The book is very clear that the Separatists should be distinguished from "Puritans", who agreed that the Church of England was corrupt, but felt it could be reformed. The image of the puritans that emerges from the book is one of viciously intolerant bigots. The problem for the Pilgrims was that, in the decade after John Winthrop set up the Massachusets Bay colony in 1630, 21,000 more settlers arrived, dwarfing the Plymouth colony which, in any case, had a much poorer harbour. From then on it was Winthrop and the puritans who set the pace. Even the radical Brownist, Roger Williams, founder of Providence Plantation on Rhode Island, was instrumental in persuading the Narragansetts to side with the colonists during the 1637 war between Massachusetts Bay and the Pequot nation; not that it did him or his colony any good in the long run as they were excluded from the 1643 military alliance of Massachusetts Bay, Plymouth, Connecticut and New Haven, known as the United Colonies of New England. After the English victory, many Pequot prisoners of war were sold into slavery in the puritan colonies of the West Indies.

Maybe I could take the liberty of using this review to reply to the book's accusation that Danny Reilly and myself, in our book Telling the Mayflower Story: Thanksgiving or Land Grabbing, Massacres & Slavery?:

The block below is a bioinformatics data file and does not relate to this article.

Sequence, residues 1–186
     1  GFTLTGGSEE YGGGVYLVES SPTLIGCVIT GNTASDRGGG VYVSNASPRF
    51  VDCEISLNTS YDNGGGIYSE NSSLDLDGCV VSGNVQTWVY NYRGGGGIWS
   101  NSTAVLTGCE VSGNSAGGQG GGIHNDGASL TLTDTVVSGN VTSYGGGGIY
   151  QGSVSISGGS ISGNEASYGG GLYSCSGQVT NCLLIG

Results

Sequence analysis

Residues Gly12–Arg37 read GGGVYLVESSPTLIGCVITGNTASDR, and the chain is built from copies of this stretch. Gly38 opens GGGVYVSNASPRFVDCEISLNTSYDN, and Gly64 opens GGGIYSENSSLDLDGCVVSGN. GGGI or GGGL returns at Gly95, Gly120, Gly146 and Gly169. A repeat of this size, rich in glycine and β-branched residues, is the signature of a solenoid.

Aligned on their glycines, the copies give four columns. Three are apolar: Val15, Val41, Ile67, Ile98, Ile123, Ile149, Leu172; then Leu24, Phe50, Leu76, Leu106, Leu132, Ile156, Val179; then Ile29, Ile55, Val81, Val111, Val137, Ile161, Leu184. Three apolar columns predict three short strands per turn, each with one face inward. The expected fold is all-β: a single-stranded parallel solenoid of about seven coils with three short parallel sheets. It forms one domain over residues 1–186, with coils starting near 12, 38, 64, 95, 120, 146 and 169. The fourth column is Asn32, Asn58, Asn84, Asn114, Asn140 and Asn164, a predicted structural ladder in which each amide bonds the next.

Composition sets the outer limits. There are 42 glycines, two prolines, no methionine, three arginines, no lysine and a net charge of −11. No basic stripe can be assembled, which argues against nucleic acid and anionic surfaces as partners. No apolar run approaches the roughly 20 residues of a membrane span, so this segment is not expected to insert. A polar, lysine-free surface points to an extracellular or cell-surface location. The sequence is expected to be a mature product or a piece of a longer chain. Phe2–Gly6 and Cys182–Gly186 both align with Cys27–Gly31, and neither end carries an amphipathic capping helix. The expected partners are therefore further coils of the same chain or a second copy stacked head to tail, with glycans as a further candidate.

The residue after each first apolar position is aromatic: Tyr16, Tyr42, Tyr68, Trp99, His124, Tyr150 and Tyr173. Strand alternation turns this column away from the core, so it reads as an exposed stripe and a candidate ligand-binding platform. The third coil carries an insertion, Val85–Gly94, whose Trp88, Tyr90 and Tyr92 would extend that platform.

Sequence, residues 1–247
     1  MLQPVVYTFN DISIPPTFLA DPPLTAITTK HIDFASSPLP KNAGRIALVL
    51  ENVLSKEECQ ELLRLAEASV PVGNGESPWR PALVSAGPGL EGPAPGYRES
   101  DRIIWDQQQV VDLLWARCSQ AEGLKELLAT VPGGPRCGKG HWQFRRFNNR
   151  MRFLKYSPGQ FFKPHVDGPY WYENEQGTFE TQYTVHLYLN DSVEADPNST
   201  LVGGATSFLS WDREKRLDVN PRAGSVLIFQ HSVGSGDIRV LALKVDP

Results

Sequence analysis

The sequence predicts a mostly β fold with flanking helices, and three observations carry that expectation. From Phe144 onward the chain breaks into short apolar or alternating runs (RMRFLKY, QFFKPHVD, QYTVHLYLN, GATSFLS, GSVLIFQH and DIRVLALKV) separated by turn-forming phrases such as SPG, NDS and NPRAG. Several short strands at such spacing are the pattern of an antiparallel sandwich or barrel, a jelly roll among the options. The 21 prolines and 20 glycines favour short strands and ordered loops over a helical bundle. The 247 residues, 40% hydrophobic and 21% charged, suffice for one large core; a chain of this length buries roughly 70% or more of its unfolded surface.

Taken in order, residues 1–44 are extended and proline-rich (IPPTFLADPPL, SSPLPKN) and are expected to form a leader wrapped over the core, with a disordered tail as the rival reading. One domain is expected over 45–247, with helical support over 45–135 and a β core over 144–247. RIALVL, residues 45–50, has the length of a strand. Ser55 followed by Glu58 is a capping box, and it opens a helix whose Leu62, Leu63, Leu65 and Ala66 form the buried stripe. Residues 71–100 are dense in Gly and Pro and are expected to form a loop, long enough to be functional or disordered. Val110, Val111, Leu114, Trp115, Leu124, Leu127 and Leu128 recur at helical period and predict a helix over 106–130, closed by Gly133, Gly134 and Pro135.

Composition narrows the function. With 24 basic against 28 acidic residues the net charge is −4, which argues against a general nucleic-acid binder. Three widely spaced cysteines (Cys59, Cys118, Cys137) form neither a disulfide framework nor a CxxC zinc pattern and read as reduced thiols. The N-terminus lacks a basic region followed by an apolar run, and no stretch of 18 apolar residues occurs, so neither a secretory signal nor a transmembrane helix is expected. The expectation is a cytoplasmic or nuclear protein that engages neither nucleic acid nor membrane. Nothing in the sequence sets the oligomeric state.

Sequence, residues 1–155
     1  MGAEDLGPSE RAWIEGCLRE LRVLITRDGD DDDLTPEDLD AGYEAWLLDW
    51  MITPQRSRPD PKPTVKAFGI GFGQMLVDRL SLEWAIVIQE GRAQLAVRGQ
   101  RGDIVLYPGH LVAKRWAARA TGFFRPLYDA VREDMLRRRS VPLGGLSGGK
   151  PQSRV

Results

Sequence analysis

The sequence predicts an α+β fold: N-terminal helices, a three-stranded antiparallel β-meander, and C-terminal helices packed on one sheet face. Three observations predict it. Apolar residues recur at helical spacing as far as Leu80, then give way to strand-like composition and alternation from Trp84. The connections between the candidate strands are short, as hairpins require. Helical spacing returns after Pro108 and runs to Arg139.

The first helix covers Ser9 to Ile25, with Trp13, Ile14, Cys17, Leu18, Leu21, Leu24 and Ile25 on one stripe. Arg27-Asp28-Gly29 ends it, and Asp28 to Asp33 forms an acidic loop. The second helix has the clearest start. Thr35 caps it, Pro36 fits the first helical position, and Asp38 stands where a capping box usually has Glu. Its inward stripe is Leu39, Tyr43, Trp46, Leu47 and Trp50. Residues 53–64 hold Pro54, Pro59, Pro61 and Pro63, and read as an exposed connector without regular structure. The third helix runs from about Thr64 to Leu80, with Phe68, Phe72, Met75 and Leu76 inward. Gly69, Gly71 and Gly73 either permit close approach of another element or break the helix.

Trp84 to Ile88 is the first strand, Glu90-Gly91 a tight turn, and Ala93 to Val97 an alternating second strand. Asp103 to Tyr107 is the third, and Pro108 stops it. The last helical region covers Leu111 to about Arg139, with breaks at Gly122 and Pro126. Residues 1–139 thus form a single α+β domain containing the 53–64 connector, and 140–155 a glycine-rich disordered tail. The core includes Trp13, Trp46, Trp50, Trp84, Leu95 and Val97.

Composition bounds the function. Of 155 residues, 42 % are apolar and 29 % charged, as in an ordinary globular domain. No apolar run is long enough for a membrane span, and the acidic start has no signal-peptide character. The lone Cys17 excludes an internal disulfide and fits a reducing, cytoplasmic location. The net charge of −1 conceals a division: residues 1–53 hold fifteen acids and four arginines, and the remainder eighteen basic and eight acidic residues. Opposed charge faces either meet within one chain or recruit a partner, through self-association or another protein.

"held [the Mayflower pilgrims] responsible for the puritan persecutions in New England from Williams to Salem, and they were held responsible, as the first successful colonists in New England, for colonialism, slavery and the genocide of the native Americans".[4]

We clearly need to apologise for a lack of clarity. Our main purpose was to document how the history of the Mayflower has been used as propaganda throughout the history of the USA, frequently to sanitise a White Anglo-Saxon Protestant supremacist version of democracy.

Let there be no misunderstanding, we are not blaming the Mayflower colonists for genocide and slavery, but we are saying that, out of the many thousands of early settlers, the romantic story of this small group has been used consistently to conceal genocide and to whitewash the deep involvement of New England in the business of slavery.

Once the beaver had become virtually extinct through over-hunting, the region needed another source of income and turned to supplying the slave islands of the English Caribbean with horses, timber, candle oil, flour, dried fish and barrels. Rhode Island, the successor to Providence Plantation, became a centre of the slave trade. The 18th century saw the rise of the New England Colonies as slave-carriers rather than direct exploiters of slave-labour as the English slave colonies and New England became mutually economically dependent.

An important trading triangle went between New England to West Africa then on to the West Indies. A slave could be purchased in Africa for 150 gallons of rum which cost £3 to produce in North America and could be sold for between £30 and £80 in Barbados. As Boston, Salem and Nantucket becoming the pre-eminent slaving ports in the region, distilling became the largest manufacturing industry in New England.